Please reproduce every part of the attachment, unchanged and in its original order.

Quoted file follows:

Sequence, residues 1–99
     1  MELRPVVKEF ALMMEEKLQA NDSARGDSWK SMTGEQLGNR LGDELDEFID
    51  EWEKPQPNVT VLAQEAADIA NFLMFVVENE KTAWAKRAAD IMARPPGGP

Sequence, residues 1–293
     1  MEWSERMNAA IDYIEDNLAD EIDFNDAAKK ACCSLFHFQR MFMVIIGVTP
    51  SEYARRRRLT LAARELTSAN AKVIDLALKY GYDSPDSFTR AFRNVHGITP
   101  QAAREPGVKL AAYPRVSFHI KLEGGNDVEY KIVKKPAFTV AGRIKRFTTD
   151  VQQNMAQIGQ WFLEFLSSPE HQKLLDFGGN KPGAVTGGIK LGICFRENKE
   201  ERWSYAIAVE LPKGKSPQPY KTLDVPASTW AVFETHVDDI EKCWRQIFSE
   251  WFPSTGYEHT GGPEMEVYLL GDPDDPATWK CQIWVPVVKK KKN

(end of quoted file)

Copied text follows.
Sequence, residues 1–99
     1  MELRPVVKEF ALMMEEKLQA NDSARGDSWK SMTGEQLGNR LGDELDEFID
    51  EWEKPQPNVT VLAQEAADIA NFLMFVVENE KTAWAKRAAD IMARPPGGP

Sequence, residues 1–293
     1  MEWSERMNAA IDYIEDNLAD EIDFNDAAKK ACCSLFHFQR MFMVIIGVTP
    51  SEYARRRRLT LAARELTSAN AKVIDLALKY GYDSPDSFTR AFRNVHGITP
   101  QAAREPGVKL AAYPRVSFHI KLEGGNDVEY KIVKKPAFTV AGRIKRFTTD
   151  VQQNMAQIGQ WFLEFLSSPE HQKLLDFGGN KPGAVTGGIK LGICFRENKE
   201  ERWSYAIAVE LPKGKSPQPY KTLDVPASTW AVFETHVDDI EKCWRQIFSE
   251  WFPSTGYEHT GGPEMEVYLL GDPDDPATWK CQIWVPVVKK KKN